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Research on Full-Service Schools and Students with Disabilities
The ERIC Clearinghouse on Disabilities and Gifted Education (ERIC EC)
ERIC/OSEP Digest #E616
Author: Cynthia Warger
Full-service schools have been described as one-stop centers in which the educational, physical, psychological, and social requirements of students and their families are addressed in a coordinated, collaborative manner using school and community services and supports (Dryfoos, 1994).
In the full-service school model, schools house a variety of health care, mental health, and related services for children and their families. Offering services on school grounds alleviates many of the problems that interfere with families obtaining services for their children (e.g., no transportation, lack of understanding of public health and social service systems, inability to take time away from work, and lack of health insurance). The services offered by full-service schools vary and are delivered through collaboration among the school, agencies, and the families. Examples follow:
The potential of full-service school programs for students with disabilities is only beginning to become apparent. For the most part, full-service school programs have been designed for at-risk children. The emerging literature base ties the concept of full-service schools to the following areas of need:
During the last decade, the US Department of Education's Office of Special Education Programs (OSEP) has funded several projects to investigate the status of full-service schools in serving students with disabilities. The following project descriptions represent an emerging knowledge base on the state of practice.
Participation of Students with Disabilities in California's Statewide Initiative
California's Healthy Start program, a state program designed to integrate services near or at school settings, provided the context for researchers at SRI International to evaluate system issues, service issues, and family outcomes related to providing school-linked services. Researchers concluded that special education teachers had contact with the school-linked services programs.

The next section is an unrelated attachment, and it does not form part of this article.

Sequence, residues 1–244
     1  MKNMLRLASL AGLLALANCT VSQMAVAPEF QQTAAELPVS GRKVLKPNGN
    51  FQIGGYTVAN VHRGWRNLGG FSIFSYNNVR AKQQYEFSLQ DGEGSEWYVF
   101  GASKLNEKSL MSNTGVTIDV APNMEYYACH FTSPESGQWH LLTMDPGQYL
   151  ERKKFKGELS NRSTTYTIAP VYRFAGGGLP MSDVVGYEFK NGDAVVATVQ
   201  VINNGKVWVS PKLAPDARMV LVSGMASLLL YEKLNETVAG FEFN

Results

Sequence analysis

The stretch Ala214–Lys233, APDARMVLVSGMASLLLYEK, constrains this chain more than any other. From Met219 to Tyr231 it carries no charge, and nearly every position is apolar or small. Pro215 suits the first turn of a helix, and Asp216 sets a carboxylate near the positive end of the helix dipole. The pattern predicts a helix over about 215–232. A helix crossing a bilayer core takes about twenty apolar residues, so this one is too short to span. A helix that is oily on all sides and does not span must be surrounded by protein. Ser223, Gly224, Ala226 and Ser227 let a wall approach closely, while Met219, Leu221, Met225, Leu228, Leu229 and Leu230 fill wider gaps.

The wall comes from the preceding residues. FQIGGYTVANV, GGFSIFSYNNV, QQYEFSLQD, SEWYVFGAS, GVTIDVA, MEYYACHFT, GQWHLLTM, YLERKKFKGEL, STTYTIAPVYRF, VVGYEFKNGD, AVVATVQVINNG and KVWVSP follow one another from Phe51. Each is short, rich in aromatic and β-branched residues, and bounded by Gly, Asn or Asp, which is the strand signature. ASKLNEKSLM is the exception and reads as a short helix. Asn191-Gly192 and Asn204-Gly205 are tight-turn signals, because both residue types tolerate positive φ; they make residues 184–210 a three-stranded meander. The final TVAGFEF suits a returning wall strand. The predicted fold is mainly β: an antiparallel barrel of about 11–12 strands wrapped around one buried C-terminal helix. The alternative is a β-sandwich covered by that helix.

Researchers also interviewed families of children with disabilities regarding their involvement and satisfaction levels with the school-linked programs. The majority of those families who had received services, found them to be easily accessible and of high quality. Researchers offered the following recommendations for practice (Blackorby, Newman, & Finnegan, 1997; Blackorby, Newman, & Finnegan, 1998):
University of Maryland researchers replicated and evaluated the Linkages to Learning Model for the delivery of school-based mental health, health care, and social services (Fox, Leone, Rubin, Oppenheim, Miller, & Friedman, 1999). The model was designed to provide prevention and early intervention services to children at risk for developing emotional and behavior disorders.
The school and the community were involved in initial and ongoing needs assessments to determine student needs. Mental health, social service, educational support, and physical health services were offered as part of the full-service model.
Researchers found that in the full-service model:
Researchers Marjorie Montague and Anne Hocutt at the University of Miami studied two full-service schools in urban districts in Florida. The schools were selected because they had a large proportion of children who were poor and likely to be eligible for Medicaid. Both schools had state-funded clinic buildings on school grounds that housed the service providers.
Overall, locating the services on school grounds resulted in greater access and utilization. An important focus of the study was a qualitative investigation of the facilitators and barriers to service access and utilization with the full-service school approach for children at risk for emotional disturbance. Characteristics that facilitated access to services included:
Implications for Policy and Practice
The concept of full-service schools fits with the trend in special education to form interagency and family collaborations and to integrate comprehensive services into the student's educational program. Full-service schools hold promise for addressing the needs of children in special education in the following ways:
Blackorby, J., Newman, L., & Finnegan, K. (July 1998). Integrated services, high need communities, and special education: Lessons and paradoxes. Menlo Park, CA: SRI International.
Blackorby, J., Newman, L., & Finnegan, K. (April 1997). School-linked services for students with disabilities and their families: A case study of 20 families. Menlo Park, CA: SRI International.
Dryfoos, J. (1994). Full-service schools: A Revolution in Health and Social Services for Children, Youth, and Families. San Francisco, CA: Jossey-Bass Publishers.
Fox, N., Leone, P., Rubin, K., Oppenheim, J., Miller, M., & Friedman, K. (1999). Final report on the Linkages to Learning program and evaluation at Broad Acres Elementary School. College Park: University of Maryland, Department of Special Education.
Hocutt, A., Montague, M., & McKinney, J. (in press). The impact of managed care on efforts to prevent development of serious emotional disturbances in young children. Journal of Disability Policy Studies.
ERIC Clearinghouse on Disabilities and Gifted Education